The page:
Year
1967
Month Day
January 27

Astronauts die in launch pad fire

A launch pad fire during Apollo program tests at Cape Canaveral, Florida, kills astronauts Virgil “Gus” Grissom, Edward H. White II, and Roger B. Chafee. An investigation indicated that a faulty electrical wire inside the Apollo 1 command module was the probable cause of the fire. The astronauts, the first Americans to die in a spacecraft, had been participating in a simulation of the Apollo 1 launch scheduled for the next month.

The Apollo program was initiated by the National Aeronautics and Space Administration (NASA) following President John F. Kennedy’s 1961 declaration of the goal of landing men on the moon and bringing them safely back to Earth by the end of the decade. The so-called “moon shot” was the largest scientific and technological undertaking in history. In December 1968, Apollo 8 was the first manned spacecraft to travel to the moon, and on July 20, 1969, astronauts Neil A. Armstrong and Edwin “Buzz” Aldrin Jr. walked on the lunar surface. In all, there were 17 Apollo missions and six lunar landings.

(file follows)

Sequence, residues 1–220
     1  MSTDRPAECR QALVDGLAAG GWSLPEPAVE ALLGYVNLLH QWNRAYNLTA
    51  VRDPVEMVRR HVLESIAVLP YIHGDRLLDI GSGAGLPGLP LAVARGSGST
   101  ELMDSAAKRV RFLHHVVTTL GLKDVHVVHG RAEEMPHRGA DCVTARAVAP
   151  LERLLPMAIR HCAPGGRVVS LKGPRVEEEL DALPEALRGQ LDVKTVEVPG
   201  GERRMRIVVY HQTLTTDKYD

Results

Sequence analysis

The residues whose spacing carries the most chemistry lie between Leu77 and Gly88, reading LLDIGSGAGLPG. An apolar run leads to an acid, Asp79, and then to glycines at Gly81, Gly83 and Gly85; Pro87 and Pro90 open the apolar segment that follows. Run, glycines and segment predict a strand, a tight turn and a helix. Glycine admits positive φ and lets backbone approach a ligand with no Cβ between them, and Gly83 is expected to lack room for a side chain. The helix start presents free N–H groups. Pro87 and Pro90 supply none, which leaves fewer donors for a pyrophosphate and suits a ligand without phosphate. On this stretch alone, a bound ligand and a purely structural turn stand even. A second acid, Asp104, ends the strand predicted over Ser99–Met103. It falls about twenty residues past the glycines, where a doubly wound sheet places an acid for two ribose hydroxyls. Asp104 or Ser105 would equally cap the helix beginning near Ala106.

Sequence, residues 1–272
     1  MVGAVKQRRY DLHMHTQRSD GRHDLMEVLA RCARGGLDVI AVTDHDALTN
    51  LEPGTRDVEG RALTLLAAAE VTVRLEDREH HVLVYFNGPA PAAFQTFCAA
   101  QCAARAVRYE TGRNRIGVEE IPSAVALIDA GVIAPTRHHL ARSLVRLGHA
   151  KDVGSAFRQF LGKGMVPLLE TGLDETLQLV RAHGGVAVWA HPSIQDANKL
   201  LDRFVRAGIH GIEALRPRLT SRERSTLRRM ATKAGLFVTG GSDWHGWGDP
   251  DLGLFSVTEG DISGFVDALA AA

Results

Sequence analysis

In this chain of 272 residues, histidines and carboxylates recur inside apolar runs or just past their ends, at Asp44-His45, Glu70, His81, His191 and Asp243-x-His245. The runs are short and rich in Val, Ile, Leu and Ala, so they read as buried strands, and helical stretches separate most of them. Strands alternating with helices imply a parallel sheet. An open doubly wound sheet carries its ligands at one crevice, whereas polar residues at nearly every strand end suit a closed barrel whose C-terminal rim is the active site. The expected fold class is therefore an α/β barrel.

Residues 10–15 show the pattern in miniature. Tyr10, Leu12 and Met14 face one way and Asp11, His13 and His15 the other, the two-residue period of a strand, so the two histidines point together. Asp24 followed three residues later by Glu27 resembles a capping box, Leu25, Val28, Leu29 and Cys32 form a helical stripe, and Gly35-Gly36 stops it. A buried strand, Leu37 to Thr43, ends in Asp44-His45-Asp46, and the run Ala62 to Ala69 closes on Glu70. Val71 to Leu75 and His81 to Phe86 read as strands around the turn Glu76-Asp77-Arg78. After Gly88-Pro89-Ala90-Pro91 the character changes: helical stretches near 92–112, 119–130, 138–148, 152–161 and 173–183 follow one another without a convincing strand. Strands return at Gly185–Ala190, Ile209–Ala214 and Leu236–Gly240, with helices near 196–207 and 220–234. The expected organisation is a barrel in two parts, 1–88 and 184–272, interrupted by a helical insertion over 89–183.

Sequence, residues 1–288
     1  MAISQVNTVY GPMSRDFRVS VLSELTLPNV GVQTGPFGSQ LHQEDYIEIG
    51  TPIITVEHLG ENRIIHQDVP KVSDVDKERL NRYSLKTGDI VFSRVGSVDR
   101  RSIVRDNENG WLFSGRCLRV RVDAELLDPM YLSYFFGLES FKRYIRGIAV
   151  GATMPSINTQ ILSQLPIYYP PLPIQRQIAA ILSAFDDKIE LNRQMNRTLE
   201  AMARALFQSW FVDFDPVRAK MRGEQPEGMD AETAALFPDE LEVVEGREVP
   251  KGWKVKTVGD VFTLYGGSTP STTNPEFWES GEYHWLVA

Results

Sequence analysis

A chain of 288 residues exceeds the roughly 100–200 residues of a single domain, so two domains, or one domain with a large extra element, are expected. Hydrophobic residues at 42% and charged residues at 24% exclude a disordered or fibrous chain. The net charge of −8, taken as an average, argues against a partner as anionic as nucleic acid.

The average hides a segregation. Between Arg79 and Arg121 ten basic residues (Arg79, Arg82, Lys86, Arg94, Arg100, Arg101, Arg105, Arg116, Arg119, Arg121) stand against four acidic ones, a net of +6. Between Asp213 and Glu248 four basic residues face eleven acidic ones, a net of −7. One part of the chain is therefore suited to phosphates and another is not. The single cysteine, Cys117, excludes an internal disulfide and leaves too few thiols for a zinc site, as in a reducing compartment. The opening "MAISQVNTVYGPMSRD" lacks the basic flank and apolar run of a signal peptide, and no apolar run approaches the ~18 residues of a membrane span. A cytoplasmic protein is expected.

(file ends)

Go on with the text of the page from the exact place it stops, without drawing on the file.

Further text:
READ MORE: How Many Times Has the U.S. Landed on the Moon?

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Shelby GT 350 debuts

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National Geographic Society founded

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Siege of Leningrad is lifted

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Paris Peace Accords signed

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First atomic detonation at the Nevada test site

Forcefully marking the continued importance of the West in the development of nuclear weaponry, the government detonates the first of a series of nuclear bombs at its new Nevada test site. Although much of the West had long lagged behind the rest of the nation in technological ...read more

Explosions trigger deadly panic in Nigeria

Explosions at a military depot in Lagos, Nigeria, trigger a stampede of fleeing people, during which more than 1,000 people are killed. The Ikeja armory was located just north of the city center of Lagos and housed a large barracks and munitions depot. On January 27, a Sunday ...read more

Liberation of Auschwitz: Photos

Auschwitz is liberated

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Americans bomb Germans for first time

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